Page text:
Reflection for C++

Posted by Kaya Kupferschmidt • Monday, February 26. 2007 • Category: C++
One hot topic I am currently busy in, is reflection for C++. Reflection for a computer language means that you can access all types toegther with their methods and members at runtime using a simple string-based interface. Such a feature especially simplifies binding scripting-languages to a program by providing one wrapper that operates on the reflection information instead of binding each class, method or function by hand. Other possible usages are remote-method-invocations, serialisation, XML based configurations etc.

C++ offers only some very basic runtime type information (RTTI) out of the box and lacks full reflection. There are some projects on the net that try to close this gap (most notably the Reflex framework), but none of them really seem to be as powerful, flexible and easy-to-use as their native counterparts in Java or C#.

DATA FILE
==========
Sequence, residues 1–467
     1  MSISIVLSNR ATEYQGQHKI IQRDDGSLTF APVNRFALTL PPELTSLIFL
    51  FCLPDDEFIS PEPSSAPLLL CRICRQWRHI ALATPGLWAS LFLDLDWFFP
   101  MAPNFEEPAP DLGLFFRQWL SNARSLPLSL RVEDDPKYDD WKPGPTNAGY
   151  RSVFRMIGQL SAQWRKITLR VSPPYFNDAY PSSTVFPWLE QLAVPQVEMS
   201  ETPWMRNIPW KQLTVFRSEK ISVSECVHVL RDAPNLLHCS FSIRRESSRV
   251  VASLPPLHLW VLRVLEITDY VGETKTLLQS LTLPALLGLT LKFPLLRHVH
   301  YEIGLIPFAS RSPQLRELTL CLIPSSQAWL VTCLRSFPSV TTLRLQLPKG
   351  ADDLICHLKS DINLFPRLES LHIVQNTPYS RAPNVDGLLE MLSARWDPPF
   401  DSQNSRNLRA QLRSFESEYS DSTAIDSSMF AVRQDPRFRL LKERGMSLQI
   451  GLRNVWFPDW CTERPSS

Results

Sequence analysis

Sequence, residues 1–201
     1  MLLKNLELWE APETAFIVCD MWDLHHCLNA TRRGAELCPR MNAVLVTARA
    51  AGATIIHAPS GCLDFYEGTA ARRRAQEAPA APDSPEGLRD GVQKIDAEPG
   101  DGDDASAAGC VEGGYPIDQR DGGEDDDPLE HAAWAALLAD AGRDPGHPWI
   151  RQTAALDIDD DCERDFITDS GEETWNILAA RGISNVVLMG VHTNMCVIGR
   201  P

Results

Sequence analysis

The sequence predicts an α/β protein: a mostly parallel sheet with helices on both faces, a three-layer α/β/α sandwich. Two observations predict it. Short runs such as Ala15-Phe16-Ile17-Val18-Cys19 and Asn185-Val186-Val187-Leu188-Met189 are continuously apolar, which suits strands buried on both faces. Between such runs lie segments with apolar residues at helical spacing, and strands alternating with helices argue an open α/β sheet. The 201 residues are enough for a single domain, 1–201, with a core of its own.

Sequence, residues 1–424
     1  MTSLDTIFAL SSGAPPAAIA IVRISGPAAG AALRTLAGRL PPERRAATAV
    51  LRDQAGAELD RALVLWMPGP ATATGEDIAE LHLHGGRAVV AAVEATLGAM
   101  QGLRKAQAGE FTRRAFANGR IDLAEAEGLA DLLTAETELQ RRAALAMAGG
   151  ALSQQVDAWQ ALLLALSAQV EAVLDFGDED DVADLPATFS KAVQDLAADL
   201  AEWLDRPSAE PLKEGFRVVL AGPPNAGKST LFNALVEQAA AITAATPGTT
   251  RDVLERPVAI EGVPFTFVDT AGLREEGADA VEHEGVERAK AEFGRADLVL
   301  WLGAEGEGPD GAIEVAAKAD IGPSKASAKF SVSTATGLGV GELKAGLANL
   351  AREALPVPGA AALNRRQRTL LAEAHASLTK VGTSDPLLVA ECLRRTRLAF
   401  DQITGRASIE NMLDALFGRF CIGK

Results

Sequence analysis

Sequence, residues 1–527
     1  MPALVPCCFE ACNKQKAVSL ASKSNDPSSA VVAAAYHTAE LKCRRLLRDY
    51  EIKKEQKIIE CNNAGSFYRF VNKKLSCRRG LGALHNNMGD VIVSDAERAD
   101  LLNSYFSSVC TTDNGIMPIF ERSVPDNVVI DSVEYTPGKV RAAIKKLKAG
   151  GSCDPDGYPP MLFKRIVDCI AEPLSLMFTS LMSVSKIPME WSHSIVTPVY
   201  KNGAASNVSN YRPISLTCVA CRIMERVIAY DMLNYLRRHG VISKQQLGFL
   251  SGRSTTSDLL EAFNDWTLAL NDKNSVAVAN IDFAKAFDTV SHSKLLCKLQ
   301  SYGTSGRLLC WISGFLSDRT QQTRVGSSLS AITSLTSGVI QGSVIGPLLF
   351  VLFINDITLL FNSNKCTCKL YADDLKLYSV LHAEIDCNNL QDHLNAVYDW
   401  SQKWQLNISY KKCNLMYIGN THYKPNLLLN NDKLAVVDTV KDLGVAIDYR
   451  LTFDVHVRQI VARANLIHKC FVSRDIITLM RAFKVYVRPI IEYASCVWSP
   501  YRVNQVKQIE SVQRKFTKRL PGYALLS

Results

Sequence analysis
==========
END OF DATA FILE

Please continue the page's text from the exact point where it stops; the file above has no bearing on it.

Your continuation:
Dimajix's framework Magnum soon will contain some new modules that try to fill this gap, by offering the following tools:

  • A generic Meta-Compiler based upon gccxml together with a specialised XML-based transformation language.

  • Non-intrusive, full reflection for all public elements of any C++ program given in source.

  • A Java-like scripting language built on top of the reflection together with a custom bytecode compiler.

With these tools, one can easily add generic scripting capabilities to any C++ program with only some little one-time effort. Plus it is possible to use the Metacompiler for automatically transforming any type-information given in C++ headers in any kind of text-based files, by providing a set of transformation rules which will be applied to the C++ metainformation generated with gccxml.

The new package is not completely finished yet, there are some features still missing, but work is steadily progressing. For a preview, you can simply check out the latest version of Magnum using Subversion at svn://


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